On a beautiful Saturday morning the Polyculture Design class from the University of Minnesota installed the garden. They were working on their own designs and and have this opportunity to experience the implementation phase of the design process. Students used the above finished design and plant list to place and install the plants. Many of the plants were transplanted from other areas of the property into the new forest garden space.
 Students Ben, Jennifer, and Aidan check the positioning of the trees and shrubs and placed white flags that were marked with the plant names and numbers. Some adjustments were made as usual to the final positioning.  Many beneficial perennial plants were left to be placed after the trees shrubs and major perennials were in their position. Potentially bare spots and wasted sunlight was filled with lupines, daisies, and chicory.
Erin filled out the flags with the appropriate names and numbers for positioning by the other students.  Once the plants are positioned the flags are pulled and used another time. Plant flags are left in the position if those plants are not available at time of installation.
We used old barn wood to stand on while installing the plants so we did not compact the soil.  Many times these boards are left in the garden for later access while the plants are becoming established.
 Asian uses and 8 scale ruler to measure the position of the plants so that they are in the correct location. 1 inch equals 4 feet in this design. Having the trees installed first helps give a visual check to the relative positions of the other plants.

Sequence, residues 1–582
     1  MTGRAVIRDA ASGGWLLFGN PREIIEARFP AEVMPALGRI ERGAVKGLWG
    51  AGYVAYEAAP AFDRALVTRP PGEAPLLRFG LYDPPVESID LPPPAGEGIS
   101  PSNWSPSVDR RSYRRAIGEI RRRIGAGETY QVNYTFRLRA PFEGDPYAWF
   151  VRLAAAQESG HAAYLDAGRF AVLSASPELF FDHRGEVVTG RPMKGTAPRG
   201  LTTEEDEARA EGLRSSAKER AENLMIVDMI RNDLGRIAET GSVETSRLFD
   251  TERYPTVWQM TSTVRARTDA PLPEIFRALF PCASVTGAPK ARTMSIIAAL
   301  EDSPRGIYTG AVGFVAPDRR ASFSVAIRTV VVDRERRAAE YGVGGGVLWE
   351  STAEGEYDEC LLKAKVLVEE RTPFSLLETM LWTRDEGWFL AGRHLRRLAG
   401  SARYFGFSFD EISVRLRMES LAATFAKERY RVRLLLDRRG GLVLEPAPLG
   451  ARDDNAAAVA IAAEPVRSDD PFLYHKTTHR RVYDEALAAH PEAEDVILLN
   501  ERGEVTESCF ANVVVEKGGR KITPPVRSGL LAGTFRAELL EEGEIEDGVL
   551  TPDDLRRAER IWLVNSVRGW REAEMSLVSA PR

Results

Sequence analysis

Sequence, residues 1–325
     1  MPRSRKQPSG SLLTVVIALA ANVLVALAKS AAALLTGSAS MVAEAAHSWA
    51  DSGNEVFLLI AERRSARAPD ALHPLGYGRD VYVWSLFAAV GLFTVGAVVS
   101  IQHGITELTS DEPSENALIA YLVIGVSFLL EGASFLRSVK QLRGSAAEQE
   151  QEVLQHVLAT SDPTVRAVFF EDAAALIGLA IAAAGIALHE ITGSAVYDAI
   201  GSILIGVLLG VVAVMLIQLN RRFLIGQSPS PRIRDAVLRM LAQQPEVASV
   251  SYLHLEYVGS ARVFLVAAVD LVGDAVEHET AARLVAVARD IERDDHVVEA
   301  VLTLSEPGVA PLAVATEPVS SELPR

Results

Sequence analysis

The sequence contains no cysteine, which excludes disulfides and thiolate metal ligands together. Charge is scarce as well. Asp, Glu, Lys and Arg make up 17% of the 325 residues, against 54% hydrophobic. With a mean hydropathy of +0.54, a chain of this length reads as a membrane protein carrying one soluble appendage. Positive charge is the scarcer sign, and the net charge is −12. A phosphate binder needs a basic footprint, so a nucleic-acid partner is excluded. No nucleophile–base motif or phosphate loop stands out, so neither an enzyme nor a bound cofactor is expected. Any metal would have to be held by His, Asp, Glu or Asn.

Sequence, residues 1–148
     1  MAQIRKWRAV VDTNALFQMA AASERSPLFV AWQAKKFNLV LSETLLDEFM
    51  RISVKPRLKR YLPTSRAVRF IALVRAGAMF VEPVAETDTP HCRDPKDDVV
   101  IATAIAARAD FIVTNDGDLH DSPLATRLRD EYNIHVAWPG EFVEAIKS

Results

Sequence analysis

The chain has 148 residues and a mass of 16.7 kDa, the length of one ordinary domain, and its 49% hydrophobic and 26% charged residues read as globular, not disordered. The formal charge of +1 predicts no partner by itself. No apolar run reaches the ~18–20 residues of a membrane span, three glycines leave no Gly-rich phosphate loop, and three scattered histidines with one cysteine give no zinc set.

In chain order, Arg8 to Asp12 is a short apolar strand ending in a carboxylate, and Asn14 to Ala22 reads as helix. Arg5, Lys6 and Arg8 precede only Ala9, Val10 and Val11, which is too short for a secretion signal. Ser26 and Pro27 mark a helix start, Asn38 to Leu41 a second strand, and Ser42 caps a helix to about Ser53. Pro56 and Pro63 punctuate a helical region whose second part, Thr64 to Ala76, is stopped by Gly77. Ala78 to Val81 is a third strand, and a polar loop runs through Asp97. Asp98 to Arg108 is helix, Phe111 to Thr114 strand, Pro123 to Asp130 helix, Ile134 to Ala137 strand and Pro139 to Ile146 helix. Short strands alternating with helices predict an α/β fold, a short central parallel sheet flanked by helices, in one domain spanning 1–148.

Jen cuts back the French Sorrel  after transplant. Most of the native transplants on the property are pulled with as much root as possible but then cut back to reduce evapotranspiration and transplant shock. This allows for the plant to save his energy for generating new roots while still having enough foliage for photosynthesis.

Ryan and Jenn break up the roots once the tree is removed from the pot.  This late in the season many of the plants were root bound and needed to be the tangled so that they would grow correctly in the new soil.

 Large sections of comfrey removed from the Southwest Orchard and transplanted into the new patio Orchard. The roots on these older comfrey were massive and entangled. One group such as this cold from the soil will produce dozens and dozens of transplants.
 Ben and Ryan pry out as much taproot is possible, trying to extract the root before it breaks deep in the soil.
 Aidan gently waters the new transplants in the berm. As each hole was dug for the transplant, it was filled with water and allowed to soak, then the plant was on potted, its roots unbound, and then placed in the hole with fresh topsoil and compost. Once again it is watered.
 Ryan and Christina spread cattails between the plants and in the swale.
 It gets a little harder to work as the plans are put in and gradually places the step are reduced to a minimum. The design takes shape and everybody steps back to assess the positions and the relationships of the plants.

 This small planting bed will soon become a fruitful orchards and we look forward to many years of production.

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Permaculture and Polyculture Consulting and Design

Permaculture and Polyculture Consulting and Design
Getting to know your property, the plants you have and those you can grow, is a fulfilling endeavor. With most I am the steward of the land. I give them good soil biology and they do the rest. If I group them in cohesive plant communities, they respond with greater yields. If I encourage the micro-organisms (Fungus and bacteria) , the roots obsorb more nutrients making a pest and disease resistant plant. A stronger plant that gives us more organic food and takes less energy.

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A Ten Acre Farm Transformed to an Edible Forest Garden
Self Renewing Fertility, Soil Building, Water Catchment, Tea Trail Swale, Erosion Control and Native American Medicinals